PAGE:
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  3. I think we all have our favourite plants Valerie. Like youI do like the self sowing ones - when my forget me nots go to seed I pull them up and shake them all around the garden so that next year they will be a sea of blue. Woodruff is another favourite of mine - it grows all over our patio and is a wonderful weed smotherer.
    Aquelegia - pink and blue is everywhere. I love this time of year -it must be wonderful for you to sit and draw all these wonderful plants.

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    1. I love the sound of you sea of blue, shaking the seeds must be the secret.

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  4. My garden too is full of self seeded columbines, jacob's ladder, sweet woodruff, hardy geraniums etc. A major dead heading programme lies in my future! Those books by Robin and Heather Tanner look like my kind of thing, I shall investigate further!

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    1. I don't mind dead heading too much and it does help to prolong the life of the flowers. I am sure you would like the book, you might also like "From Old Chapel Field" by the same author.

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  5. Love wild flowers - definitely not weeds : ) What a find in 'Woodland Plants', such beautiful illustrations. Congrats on having your book included in 'Flower Show', Val. Best wishes, Lesley x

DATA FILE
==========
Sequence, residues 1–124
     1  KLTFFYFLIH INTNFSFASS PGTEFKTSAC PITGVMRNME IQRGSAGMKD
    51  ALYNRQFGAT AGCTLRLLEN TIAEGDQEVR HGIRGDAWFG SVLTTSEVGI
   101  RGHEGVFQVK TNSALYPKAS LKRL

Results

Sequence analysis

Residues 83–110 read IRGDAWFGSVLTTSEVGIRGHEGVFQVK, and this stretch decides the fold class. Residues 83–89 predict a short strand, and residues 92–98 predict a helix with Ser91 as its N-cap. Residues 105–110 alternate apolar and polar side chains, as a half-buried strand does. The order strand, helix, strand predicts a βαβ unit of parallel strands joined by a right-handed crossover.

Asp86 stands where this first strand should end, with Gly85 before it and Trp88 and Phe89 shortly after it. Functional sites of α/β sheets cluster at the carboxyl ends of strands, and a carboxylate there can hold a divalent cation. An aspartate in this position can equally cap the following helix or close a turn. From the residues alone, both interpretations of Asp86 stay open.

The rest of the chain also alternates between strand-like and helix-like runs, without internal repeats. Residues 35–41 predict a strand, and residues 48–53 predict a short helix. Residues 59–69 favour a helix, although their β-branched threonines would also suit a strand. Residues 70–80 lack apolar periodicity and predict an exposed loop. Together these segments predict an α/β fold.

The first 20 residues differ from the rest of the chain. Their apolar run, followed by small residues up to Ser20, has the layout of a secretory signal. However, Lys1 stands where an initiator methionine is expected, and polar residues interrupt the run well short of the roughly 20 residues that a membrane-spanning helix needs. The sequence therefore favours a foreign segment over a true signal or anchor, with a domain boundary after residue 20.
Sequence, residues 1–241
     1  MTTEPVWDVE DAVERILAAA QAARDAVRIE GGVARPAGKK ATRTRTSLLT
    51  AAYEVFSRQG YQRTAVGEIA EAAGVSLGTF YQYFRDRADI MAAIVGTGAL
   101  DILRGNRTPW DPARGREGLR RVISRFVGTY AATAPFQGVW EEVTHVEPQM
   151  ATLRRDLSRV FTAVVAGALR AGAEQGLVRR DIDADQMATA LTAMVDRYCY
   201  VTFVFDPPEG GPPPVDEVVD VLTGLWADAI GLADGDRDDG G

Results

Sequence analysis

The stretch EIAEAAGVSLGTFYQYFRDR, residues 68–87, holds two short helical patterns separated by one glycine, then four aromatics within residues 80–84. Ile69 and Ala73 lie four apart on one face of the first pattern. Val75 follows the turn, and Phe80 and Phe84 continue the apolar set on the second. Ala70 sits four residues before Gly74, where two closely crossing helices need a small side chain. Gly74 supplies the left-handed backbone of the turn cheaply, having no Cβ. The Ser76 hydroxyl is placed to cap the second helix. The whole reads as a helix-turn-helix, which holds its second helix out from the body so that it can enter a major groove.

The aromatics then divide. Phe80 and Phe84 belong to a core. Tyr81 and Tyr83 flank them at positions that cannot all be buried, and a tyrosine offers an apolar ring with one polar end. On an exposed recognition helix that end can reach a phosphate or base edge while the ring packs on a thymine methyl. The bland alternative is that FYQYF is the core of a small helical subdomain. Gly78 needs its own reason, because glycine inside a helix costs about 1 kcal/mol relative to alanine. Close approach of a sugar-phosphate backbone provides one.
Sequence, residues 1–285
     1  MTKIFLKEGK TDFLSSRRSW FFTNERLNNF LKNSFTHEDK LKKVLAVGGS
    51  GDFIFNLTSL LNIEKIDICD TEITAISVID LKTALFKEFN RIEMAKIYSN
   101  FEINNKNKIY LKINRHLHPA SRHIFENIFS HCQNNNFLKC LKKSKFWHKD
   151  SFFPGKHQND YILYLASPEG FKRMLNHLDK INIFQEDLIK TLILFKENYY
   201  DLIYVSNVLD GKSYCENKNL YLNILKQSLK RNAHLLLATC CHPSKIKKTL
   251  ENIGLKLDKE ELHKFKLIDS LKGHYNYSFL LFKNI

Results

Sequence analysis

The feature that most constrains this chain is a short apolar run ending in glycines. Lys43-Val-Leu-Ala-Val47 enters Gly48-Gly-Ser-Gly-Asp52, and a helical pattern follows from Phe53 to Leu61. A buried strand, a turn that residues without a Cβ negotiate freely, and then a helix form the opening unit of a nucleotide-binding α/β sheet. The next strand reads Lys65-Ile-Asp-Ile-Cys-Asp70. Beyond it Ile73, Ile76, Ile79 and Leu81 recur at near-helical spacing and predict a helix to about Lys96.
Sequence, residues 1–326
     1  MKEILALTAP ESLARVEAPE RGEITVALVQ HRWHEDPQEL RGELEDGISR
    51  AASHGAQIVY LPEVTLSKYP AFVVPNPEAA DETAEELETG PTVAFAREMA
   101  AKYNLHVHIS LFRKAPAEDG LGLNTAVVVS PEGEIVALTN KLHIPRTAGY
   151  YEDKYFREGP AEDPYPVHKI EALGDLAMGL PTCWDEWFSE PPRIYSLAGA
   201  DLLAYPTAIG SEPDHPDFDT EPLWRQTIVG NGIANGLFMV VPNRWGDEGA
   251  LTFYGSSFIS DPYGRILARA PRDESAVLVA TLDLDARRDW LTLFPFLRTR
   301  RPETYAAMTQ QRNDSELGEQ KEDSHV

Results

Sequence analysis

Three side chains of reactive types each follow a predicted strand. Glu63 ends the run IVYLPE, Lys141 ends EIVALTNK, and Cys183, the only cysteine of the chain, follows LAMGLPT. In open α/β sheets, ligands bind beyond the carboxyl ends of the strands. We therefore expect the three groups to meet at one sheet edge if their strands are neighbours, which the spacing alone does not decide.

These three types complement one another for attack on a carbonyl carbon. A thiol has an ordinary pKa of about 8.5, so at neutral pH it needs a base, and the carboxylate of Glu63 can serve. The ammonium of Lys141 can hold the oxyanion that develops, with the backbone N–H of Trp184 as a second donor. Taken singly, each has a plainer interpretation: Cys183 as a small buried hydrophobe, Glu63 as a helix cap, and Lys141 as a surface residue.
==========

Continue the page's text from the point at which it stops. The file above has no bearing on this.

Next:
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  6. Valerie, you garden sounds like just the sort of garden I like best of all. You have so many beautiful flowers to inspire your amazing art.

    I'm so glad that your book is in the exhibit, allowing lots more folks to appreciate your painting. Wish that I could see the exhibit. I am going to borrow Woodland Plants from the Library when I get back there to return the fabulous Kate Atkinson book...maybe next week.

    xo

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    1. You are so fortunate to have a good library, ours are getting very run down. By the way, you might also like "From Old Chapel Field" by the same author.

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  7. I would love this book. Native plants are my favorites as well. They are so obliging, never fussy, and beautiful in all their sweet simplicity. Our natives are the Oxeye daisy, Black eyed Susan, Queen Annes Lace and False Indigo, just to name a few. I too, like the common names, they are so much nicer. Of course, the weeds are natives too and I just spent about 5 hours yesterday ridding a garden bed of most of those.

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    1. I can tell from your blog that your garden must take a great deal of labour, it always looks beautiful. We have Oxeye daisies but Black Eyed Susan is not a native here. I have grown it as an annual, such a striking plant.

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  8. What a delight, your art and Robin Tanner's in the same post :o)

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  9. I am always struck by the delicacy and precision of your work, that beautiful combination of artistry and botannical accuracy.
    That is a lovely tangle of garden, the Columbine is so satisfying!